Hip-Hop and Dialogue Between Youth and Adults: A Youth’s Perspective

July 2, 2021 by Derick Agyenim-Boateng 

Big Sean does not miss. Look at one of his lyrics:

“. . .Slavemaster take our names, 5-0 take the shot, and young souls take the blame, man, but they can’t take away the light.” 

Rap music consumer or not, it is safe to say that we know who “they” is.

Why can’t they take away the light? For decades we have been using hip-hop to Fight the Power

The hip-hop group, Public Enemy, is a perfect example of hip-hop’s meaningful origins. Since its creation in 1985, the group has expressed messages on racism and media in America, thus influencing other forms of expression. For example, the film Do the Right Thing, centered around black culture and hip-hop against police brutality, uses the song Fight the Power.

Originating in the Bronx, hip-hop is used as a platform for racial justice advocacy and movements against police harm and brutality in Black communities. Its transformation over time has led to forms of expression such as rap music, which is widely consumed by Black youth. 

I have seen and heard it firsthand. Back when I lived in the Bronx, It was usually the youth consistently listening to rap music. However, it became a more prominent issue when parents would hear reports of their children cursing at school or “saying an inappropriate lyric from a rap song.” 

Concerns of rap influence would lead parents and older adults to overlook any other aspects of rap music and point to its faults. 

Hip-hop culture is a lifestyle that integrates music, dress, aesthetics, and language. It influences how youth act, dress and speak. Rap music does the same. 

This is the reality: rap music has themes of misogyny, violence, and sexual objectification, which are detrimental when consumed by Black youth. However rap music also has themes that promote the cultural and political empowerment of Black communities. 

When children listen to the illicit content in rap, they may begin to believe that rap music “glorifies drugs and violence.” Though such statements can be the result of personal opinions from youth, it is possible that whatever they hear from the adult community regarding rap music could impact how they perceive rap music.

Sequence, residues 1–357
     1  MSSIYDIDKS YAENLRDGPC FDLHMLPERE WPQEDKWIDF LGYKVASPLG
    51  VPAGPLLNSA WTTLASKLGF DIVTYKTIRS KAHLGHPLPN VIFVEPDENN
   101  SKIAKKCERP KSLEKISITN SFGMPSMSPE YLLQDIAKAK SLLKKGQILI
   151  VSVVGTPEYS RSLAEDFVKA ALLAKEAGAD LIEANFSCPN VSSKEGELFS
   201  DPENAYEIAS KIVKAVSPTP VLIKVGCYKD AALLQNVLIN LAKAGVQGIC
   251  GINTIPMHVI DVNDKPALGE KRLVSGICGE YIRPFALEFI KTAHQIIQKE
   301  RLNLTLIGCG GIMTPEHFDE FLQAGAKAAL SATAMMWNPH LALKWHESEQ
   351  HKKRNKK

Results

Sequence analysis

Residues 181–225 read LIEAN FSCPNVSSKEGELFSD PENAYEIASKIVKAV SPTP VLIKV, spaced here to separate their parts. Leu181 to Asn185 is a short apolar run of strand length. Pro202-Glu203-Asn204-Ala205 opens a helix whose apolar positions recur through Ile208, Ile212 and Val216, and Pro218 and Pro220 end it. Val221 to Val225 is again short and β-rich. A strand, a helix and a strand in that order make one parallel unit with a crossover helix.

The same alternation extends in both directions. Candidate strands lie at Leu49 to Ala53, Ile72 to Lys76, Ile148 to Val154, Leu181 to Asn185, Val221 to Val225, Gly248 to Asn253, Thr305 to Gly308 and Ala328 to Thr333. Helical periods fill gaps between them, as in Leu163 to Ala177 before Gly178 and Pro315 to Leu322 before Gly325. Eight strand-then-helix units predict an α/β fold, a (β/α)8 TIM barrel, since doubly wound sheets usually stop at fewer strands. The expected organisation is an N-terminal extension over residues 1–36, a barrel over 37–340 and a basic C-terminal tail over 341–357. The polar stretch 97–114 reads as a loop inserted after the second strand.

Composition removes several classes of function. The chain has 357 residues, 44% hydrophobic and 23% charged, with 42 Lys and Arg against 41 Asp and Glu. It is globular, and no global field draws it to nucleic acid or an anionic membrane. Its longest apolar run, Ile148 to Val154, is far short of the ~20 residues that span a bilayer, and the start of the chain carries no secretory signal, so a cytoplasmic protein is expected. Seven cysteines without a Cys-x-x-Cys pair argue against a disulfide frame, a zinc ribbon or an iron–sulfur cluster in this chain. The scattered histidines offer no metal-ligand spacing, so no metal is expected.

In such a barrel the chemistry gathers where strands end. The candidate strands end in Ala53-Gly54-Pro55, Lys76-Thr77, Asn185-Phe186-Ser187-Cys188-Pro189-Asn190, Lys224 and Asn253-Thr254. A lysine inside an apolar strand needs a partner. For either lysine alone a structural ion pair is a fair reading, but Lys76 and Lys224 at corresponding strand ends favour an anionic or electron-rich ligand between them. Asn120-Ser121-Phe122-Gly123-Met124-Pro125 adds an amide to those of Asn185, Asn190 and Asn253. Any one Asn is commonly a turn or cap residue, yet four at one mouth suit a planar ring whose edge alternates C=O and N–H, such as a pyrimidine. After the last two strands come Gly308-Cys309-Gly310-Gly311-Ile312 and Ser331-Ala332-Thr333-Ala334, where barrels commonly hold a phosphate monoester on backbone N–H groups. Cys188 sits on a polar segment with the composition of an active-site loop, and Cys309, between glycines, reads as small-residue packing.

The concern adults have regarding youth consumption is understandable. However, there is reason to glorify the empowering themes that lie in hip-hop culture and rap music. 

Though it is primarily consumed by Black youth, the adult community should focus more on hip-hop culture and its themes of racial resistance and social action. By promoting more education on this, adults can cascade their knowledge of hip-hop to their children, potentially increasing youth’s social analysis and sociopolitical action. 

Black youth spend more time engaged in media than they spend with their parents. However, we would all benefit from collective education on hip-hop culture and its role in racial resistance. Sociopolitical influences, such as adults, surround Black youth. Therefore, we must encourage these influences to hold the knowledge that promotes sociopolitical development.

Walking back and forth between school and home in the Bronx, not a day passed where I did not hear rap music playing outside. I refused to put on headphones because the music playing from passing cars and pedestrians was just as good (if not better) than the music I would listen to on my own. However, there was a significant difference between my consumption of rap music outside and my entrance into my home.